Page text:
Regulation of high-affinity growth hormone binding protein in resistance-trained and untrained men

Date of Completion

January 2003


Biology, Animal Physiology|Health Sciences, Recreation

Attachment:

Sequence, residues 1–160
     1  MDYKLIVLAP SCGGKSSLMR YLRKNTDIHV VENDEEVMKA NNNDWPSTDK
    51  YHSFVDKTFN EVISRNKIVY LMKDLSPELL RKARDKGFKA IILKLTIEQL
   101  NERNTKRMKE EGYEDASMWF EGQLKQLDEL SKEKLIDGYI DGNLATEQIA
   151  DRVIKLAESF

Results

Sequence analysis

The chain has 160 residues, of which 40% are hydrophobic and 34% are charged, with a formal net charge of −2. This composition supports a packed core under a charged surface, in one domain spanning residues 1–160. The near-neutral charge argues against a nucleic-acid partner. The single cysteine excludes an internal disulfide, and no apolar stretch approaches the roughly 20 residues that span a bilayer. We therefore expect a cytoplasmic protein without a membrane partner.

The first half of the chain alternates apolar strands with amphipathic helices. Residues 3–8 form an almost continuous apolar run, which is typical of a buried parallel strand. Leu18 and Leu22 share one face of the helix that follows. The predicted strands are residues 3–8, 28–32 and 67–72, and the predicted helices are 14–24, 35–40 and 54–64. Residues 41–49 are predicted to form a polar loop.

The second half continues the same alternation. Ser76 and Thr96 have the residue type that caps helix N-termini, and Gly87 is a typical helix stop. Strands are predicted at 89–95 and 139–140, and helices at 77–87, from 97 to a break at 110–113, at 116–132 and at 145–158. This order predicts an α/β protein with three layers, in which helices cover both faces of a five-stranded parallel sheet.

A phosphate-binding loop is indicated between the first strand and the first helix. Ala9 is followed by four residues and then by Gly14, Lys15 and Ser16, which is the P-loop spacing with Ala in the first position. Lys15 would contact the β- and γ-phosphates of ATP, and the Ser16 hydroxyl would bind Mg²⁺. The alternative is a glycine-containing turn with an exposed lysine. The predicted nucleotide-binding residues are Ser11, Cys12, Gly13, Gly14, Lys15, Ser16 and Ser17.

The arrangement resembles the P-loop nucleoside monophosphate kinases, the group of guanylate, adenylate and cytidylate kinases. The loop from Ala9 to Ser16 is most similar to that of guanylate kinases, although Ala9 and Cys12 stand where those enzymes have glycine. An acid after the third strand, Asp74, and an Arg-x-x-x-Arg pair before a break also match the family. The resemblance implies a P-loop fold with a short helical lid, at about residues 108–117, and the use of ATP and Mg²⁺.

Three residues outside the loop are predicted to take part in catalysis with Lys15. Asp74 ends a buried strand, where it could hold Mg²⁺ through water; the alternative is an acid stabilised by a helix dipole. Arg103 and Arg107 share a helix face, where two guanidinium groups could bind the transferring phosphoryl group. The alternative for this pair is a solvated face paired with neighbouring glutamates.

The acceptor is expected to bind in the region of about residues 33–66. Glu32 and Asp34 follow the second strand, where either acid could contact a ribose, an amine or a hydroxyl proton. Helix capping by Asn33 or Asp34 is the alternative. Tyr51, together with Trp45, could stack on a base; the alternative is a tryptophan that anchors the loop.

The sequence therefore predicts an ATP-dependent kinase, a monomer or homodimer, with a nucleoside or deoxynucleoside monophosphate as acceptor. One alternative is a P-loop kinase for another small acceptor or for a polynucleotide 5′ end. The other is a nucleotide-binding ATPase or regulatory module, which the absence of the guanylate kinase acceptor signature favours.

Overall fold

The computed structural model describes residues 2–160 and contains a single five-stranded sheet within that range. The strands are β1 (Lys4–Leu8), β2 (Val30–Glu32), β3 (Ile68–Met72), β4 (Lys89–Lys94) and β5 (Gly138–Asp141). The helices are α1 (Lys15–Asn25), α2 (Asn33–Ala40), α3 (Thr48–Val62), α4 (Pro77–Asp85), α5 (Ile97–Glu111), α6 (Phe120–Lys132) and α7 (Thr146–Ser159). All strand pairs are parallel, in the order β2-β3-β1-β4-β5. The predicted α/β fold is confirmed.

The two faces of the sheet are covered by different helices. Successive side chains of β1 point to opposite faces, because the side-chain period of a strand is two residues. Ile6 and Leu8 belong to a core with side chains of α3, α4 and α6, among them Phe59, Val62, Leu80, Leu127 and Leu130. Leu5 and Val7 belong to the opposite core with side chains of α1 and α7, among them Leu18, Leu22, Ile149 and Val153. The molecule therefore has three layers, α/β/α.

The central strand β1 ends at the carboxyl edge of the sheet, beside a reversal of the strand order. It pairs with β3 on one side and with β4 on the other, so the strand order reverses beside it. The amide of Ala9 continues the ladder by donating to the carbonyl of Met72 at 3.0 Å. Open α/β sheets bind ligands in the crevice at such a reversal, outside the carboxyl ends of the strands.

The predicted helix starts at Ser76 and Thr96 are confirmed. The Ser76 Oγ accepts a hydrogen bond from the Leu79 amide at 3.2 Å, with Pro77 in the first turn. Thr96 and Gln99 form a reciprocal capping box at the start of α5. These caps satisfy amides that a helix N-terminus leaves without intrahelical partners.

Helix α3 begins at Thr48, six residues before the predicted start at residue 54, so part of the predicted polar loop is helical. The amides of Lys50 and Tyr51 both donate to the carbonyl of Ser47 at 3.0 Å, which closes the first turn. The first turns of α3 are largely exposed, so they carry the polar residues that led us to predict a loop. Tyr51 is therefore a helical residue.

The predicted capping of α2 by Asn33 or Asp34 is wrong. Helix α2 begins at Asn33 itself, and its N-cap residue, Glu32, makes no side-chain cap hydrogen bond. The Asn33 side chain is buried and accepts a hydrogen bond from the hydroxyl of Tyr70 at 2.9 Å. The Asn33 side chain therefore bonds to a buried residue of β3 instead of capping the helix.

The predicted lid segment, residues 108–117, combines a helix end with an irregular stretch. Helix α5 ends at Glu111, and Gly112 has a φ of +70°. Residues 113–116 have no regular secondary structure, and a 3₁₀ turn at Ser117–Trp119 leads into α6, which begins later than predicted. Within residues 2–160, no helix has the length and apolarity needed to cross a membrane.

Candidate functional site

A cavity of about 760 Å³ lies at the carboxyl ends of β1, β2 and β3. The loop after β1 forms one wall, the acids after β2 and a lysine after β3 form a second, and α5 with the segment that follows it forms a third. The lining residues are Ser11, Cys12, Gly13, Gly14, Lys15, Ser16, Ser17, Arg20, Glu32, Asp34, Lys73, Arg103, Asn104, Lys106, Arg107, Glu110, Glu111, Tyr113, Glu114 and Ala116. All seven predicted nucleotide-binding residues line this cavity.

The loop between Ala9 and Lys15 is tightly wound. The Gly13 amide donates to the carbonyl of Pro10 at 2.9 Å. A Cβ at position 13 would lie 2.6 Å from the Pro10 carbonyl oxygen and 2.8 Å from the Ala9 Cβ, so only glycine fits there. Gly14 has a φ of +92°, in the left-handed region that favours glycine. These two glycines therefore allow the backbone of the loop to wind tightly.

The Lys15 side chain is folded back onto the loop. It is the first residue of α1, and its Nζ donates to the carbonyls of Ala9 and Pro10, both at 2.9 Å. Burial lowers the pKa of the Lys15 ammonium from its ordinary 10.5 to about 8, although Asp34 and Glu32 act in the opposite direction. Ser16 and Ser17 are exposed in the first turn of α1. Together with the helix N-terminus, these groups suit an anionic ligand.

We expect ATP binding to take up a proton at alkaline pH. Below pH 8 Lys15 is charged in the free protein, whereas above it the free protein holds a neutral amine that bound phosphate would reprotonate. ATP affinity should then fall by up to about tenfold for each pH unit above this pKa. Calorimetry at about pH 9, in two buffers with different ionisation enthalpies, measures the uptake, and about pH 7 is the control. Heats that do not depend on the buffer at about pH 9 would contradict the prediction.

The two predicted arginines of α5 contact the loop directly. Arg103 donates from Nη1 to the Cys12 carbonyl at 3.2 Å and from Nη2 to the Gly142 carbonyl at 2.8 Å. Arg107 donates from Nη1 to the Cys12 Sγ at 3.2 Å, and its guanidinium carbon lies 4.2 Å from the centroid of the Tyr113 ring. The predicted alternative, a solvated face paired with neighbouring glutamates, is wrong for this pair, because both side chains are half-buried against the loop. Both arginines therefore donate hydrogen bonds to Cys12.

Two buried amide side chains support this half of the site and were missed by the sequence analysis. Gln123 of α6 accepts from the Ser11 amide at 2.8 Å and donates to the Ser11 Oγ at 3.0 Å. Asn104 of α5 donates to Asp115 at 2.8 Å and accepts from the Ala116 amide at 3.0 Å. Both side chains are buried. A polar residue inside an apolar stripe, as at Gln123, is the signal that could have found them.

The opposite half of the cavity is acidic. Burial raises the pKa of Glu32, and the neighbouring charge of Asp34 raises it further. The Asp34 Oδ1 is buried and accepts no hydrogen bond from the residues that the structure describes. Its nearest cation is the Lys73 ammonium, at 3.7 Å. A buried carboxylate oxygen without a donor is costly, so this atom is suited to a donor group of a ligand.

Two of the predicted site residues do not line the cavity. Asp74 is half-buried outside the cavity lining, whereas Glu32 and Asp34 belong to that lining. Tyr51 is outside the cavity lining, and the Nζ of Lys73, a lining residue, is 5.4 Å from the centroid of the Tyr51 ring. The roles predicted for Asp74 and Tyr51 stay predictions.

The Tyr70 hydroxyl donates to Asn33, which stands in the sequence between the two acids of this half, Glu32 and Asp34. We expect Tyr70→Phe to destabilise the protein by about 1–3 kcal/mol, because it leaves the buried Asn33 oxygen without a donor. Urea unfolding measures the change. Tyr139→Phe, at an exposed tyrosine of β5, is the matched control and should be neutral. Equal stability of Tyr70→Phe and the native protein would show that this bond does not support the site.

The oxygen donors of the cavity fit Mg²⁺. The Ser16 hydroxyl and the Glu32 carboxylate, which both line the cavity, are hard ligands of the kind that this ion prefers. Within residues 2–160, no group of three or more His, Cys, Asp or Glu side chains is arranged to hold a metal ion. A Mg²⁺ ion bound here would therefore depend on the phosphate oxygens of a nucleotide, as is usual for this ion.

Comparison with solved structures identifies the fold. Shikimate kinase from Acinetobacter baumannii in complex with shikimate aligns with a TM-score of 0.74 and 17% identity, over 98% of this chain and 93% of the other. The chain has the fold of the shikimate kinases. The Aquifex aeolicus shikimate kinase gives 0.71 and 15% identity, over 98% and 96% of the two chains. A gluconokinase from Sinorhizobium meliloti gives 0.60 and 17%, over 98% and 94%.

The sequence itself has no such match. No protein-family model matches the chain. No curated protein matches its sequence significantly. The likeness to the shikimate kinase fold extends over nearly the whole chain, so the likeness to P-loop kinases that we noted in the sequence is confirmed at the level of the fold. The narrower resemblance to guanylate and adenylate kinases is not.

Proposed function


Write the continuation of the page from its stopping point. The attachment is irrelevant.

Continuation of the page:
The purpose of this investigation was to examine the effects of acute and chronic heavy resistance exercise on circulating concentrations of growth hormone binding protein (GHBP), immunoreactive growth hormone (iGH), and insulin-like growth factor-1 (IGF-1), with the hypothesis that resistance training enhances GH sensitivity at the liver via an increase in GH receptor, as indicated by elevated GHBP, and thus induces elevated IGF-1 concentrations in resistance-trained men. Using a cross-sectional experimental design, a group of resistance-trained men (N = 9) with at least five years of resistance training experience (mean ± SE years: 7.94 ± 1.31; actual range: 5–18 years) and a group of untrained men (N = 10) performed an acute heavy resistance exercise protocol (6 sets of 10 repetition maximum (10 RM) parallel squats). Resting blood samples were obtained 72 hours prior to exercise and immediately prior to exercise, as well as 0, 15, 30, 45, and 60 minutes post-exercise. Significant (P < 0.05) resistance-exercise induced increases in GHBP, iGH, and IGF-1 were observed in both subject groups. No significant differences in GHBP were observed between groups either at rest or post-exercise. Both groups experienced a significant increase in iGH in response to exercise, with the resistance-trained group exhibiting a significantly greater magnitude of response as well as higher area under the curve (AUC). Both groups experienced a significant increase in IGF-1 in response to exercise. The resistance-trained men exhibited significantly higher IGF-1 than untrained subjects at rest and post-exercise, as well as a significantly greater AUC than the untrained group. Significant positive correlations were observed between GHBP and BMI, GHBP and body fat, GHBP and leptin, as well as IGF-1 and fat-free mass. A significant positive correlation was also observed between resting Leptin and GHBP in the untrained subjects, whereas this relationship was not observed in the trained subjects. These data indicate that resistance training does not increase blood GHBP, thus indicating no change in GH receptor expression after training despite elevated IGF-1 in resistance-trained subjects, which may indicate greater hepatic GH sensitivity. However, other factors that strongly influence blood GHBP, including leptin and adipose cells, may mask training-induced increases in circulating GHBP. ^